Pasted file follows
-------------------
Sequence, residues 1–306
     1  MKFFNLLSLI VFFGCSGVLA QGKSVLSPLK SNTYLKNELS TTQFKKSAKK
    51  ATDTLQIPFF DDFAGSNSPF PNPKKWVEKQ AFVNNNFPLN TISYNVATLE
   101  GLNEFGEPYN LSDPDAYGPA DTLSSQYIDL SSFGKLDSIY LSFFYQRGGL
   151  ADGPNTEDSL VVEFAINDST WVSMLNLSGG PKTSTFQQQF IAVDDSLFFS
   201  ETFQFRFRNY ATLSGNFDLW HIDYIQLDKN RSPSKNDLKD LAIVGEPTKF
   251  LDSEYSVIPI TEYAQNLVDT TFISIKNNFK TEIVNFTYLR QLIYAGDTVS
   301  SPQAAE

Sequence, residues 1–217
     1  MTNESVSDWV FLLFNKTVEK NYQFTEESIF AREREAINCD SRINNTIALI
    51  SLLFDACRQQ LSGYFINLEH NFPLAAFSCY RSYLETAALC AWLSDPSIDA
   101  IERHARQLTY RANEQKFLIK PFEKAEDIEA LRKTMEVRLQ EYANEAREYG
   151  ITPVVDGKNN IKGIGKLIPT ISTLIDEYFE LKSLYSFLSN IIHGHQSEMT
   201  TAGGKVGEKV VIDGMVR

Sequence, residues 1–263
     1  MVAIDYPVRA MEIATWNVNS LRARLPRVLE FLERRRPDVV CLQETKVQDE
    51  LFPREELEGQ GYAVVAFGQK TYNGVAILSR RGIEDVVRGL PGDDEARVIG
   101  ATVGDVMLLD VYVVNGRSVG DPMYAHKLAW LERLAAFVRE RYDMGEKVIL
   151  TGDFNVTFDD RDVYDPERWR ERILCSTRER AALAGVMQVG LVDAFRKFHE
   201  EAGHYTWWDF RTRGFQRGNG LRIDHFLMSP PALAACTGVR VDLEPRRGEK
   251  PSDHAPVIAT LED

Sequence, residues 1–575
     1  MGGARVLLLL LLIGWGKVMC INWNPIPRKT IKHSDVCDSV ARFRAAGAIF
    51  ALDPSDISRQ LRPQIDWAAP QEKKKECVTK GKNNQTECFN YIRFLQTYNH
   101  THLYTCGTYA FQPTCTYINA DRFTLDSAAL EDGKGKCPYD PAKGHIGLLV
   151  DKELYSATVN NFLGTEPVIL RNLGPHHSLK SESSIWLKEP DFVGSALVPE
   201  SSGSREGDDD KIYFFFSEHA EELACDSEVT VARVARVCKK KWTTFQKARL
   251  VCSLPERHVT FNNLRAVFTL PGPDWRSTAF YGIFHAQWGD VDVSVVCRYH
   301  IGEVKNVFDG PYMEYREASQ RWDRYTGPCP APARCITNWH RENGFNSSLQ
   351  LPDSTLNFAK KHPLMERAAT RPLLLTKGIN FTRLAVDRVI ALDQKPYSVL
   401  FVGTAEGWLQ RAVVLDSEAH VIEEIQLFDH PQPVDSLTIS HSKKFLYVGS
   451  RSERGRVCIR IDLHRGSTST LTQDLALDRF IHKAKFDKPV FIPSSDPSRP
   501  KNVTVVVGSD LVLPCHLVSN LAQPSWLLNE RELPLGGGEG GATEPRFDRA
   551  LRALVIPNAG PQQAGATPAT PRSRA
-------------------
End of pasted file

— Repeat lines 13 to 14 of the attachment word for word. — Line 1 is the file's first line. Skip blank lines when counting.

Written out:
   151  ITPVVDGKNN IKGIGKLIPT ISTLIDEYFE LKSLYSFLSN IIHGHQSEMT
   201  TAGGKVGEKV VIDGMVR